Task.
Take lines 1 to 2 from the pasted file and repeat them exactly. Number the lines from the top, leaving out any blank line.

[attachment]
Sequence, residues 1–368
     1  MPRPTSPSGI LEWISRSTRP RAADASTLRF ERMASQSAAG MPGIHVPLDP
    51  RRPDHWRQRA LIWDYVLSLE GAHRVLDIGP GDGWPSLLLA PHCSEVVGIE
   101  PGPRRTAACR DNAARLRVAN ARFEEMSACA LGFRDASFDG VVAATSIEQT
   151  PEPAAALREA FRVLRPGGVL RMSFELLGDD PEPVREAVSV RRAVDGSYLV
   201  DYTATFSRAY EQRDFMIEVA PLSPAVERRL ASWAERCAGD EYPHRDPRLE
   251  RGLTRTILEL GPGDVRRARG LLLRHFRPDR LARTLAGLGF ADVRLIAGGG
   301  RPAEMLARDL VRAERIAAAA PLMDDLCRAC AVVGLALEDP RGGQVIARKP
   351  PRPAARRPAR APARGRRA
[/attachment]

Sequence, residues 1–368
     1  MPRPTSPSGI LEWISRSTRP RAADASTLRF ERMASQSAAG MPGIHVPLDP